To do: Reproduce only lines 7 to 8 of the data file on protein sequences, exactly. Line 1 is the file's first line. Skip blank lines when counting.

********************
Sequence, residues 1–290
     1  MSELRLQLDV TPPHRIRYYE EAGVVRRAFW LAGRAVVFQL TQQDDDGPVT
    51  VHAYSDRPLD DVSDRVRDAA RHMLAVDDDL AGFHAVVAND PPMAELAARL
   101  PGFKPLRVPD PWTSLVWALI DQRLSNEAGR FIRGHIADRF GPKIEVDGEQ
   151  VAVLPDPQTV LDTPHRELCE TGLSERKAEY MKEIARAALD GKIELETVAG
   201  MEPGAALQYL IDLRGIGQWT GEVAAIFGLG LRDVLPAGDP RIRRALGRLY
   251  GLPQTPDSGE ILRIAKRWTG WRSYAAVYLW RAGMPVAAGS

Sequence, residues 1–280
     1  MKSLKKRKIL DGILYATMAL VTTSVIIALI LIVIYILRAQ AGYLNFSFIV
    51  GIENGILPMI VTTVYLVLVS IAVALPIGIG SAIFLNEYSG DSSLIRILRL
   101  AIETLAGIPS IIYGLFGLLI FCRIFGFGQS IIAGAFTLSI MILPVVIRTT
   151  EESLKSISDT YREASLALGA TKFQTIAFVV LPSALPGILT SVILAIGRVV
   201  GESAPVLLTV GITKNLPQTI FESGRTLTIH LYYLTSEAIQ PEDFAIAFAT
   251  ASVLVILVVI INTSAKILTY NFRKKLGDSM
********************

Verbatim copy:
   251  GLPQTPDSGE ILRIAKRWTG WRSYAAVYLW RAGMPVAAGS

Sequence, residues 1–280